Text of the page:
The company that analyzed high-wattage solar panels intends to establish itself as a change-leading entity that reshapes solar module design. That means its review likely has some bias, though that doesn’t wholly discount the content.
Scientists, product designers and other professionals want to explore viable possibilities to help people feel confident about using battery-storage products and not worrying about solar runaway events. One thing to remember is that issues are most common with Li-ion batteries, but they can occur with any type.
A team at South Korea’s Gwangju Institute of Science and Technology found critical changes in electric double-layer capacitors that alter their thermal properties during charging and discharging. They believe their studies will increase the safety of battery-storage devices used with solar power setups.
The group conducted experiments as batteries charged and operated various devices. The respective data during those tests showed that positive and negative electrode temperatures changed by 0.92% and 0.42%.
Elsewhere, Chinese researchers studied the types of Li-ion battery abuse that can most likely lead to thermal runaway. They created three categories: Thermal, mechanical and electrical. They then penetrated the batteries with a nail, heated them from the side and overcharged them. Those behaviors reflected the abuse types studied. The results indicated thermal runaway events caused by overcharging were the most hazardous.
Product designers, manufacturers and others could use the information here and in other academic papers to improve the safety of solar battery storage options. They might include a built-in feature that prevents overcharging or warn people to carefully inspect any batteries subjected to physical trauma. Reducing the risk of thermal runaway starts at the design and manufacturing level, but it continues by informing customers what’s within their control to reduce such events.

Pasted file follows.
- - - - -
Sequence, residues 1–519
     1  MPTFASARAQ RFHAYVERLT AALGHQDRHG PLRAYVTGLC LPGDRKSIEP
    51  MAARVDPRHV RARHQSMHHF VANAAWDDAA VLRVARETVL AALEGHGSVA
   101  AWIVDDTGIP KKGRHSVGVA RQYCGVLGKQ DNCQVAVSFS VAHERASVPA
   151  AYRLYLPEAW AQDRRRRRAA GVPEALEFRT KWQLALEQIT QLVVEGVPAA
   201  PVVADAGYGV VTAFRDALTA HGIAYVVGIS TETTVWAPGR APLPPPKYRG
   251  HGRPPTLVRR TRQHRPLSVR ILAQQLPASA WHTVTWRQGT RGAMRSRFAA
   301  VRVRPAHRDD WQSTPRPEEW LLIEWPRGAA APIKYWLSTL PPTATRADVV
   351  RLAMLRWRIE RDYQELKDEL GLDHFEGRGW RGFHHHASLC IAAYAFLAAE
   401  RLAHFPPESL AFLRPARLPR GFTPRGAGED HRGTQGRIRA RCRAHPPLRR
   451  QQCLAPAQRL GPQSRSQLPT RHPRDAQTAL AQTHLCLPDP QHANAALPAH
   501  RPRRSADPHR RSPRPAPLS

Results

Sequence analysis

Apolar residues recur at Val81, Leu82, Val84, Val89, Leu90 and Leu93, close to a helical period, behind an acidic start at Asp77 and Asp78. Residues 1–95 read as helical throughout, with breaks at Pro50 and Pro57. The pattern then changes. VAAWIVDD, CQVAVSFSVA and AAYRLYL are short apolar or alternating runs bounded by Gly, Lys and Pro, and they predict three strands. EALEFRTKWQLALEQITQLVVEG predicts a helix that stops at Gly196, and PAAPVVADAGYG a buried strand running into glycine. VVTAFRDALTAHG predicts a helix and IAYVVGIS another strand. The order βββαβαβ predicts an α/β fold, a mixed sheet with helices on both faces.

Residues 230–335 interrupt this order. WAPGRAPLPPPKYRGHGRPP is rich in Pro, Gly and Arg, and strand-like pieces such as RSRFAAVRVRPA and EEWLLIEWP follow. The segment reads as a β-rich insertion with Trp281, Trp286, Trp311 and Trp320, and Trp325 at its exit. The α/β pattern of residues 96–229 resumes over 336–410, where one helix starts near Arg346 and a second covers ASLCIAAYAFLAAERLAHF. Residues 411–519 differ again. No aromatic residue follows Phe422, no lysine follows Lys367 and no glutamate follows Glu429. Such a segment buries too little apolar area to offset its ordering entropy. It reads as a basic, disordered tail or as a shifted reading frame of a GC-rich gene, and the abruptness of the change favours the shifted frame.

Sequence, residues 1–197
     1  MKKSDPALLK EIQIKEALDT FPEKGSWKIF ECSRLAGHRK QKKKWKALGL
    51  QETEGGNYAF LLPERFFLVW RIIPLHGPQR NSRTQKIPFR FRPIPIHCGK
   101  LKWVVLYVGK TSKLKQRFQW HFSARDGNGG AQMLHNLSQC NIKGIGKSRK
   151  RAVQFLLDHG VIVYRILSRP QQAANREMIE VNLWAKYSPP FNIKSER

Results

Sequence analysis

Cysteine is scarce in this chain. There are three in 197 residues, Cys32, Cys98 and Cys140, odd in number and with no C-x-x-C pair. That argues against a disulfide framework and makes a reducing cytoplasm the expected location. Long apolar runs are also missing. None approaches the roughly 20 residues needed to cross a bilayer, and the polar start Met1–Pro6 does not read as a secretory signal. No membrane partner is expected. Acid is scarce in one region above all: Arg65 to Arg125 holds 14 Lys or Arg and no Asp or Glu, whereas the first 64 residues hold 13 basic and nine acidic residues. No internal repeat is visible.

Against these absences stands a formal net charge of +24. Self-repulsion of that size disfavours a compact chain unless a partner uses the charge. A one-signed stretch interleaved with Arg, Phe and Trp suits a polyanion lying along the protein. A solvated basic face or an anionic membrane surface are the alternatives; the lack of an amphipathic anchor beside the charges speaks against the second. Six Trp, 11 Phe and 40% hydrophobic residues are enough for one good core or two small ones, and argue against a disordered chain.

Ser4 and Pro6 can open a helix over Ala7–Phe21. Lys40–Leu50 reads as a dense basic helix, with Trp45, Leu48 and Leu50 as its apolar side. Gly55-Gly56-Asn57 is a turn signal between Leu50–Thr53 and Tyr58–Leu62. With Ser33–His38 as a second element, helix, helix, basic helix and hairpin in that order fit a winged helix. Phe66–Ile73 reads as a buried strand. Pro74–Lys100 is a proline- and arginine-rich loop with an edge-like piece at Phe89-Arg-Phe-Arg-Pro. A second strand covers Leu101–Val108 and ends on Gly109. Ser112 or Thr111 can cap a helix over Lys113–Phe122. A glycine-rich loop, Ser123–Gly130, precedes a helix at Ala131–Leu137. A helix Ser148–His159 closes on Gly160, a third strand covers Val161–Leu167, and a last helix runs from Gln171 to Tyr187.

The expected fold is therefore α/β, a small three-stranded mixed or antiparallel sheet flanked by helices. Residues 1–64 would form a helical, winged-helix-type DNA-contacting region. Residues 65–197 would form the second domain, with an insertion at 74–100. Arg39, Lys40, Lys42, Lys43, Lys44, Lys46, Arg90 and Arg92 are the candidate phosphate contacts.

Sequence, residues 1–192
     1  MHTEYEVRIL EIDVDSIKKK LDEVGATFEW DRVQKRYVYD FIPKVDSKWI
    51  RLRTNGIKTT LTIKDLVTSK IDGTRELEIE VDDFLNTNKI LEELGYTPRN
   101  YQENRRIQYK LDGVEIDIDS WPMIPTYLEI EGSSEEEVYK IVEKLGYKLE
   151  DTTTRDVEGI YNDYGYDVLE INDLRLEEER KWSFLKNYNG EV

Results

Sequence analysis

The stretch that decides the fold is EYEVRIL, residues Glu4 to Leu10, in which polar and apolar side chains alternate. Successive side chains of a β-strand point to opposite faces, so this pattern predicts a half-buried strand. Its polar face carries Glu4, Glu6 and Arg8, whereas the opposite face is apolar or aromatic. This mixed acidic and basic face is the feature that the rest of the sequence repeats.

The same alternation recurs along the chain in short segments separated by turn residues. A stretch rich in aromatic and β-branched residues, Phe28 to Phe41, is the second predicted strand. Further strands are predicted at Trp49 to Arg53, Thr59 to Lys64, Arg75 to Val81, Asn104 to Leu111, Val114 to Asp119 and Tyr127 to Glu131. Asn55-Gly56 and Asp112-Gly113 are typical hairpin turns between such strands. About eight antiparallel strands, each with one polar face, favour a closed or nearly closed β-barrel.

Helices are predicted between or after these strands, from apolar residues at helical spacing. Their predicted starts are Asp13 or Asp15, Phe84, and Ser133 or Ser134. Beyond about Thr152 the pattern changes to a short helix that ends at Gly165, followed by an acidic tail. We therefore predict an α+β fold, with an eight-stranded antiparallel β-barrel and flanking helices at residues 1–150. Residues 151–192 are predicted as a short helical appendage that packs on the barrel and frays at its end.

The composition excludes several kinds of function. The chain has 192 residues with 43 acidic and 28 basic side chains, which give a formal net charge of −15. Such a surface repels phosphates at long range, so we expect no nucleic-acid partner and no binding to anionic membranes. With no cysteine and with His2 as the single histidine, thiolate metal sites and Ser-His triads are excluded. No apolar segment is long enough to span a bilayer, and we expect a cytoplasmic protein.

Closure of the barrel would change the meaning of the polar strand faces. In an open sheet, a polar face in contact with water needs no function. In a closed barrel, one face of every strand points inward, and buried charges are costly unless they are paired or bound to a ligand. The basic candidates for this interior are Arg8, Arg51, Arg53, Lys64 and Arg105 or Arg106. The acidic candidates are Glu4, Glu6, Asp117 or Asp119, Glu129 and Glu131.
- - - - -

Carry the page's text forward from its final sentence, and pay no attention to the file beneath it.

Such collective efforts should become even more common as people raise awareness that solar battery technology is generally safe but still comes with a thermal runaway risk. Such progress will elevate safety in solar energy and other fields that use batteries or promote their usage as technologies improve and researchers are better informed.
The final thing to remember is that solar battery storage systems are far from the only products associated with thermal runaways. However, overheating and fires could become more prominent as more people become interested in using them. Fortunately, scientists, consumers and others who become aware of the risks can work together to reduce them, keeping everyone safer.
No strategies can eliminate thermal runaway risks, despite experts’ best efforts. However, people should also realize that solar modules are less likely to experience them if individuals design, manufacture and install them properly. Hopefully, that will happen as more people become aware of the risks and solutions.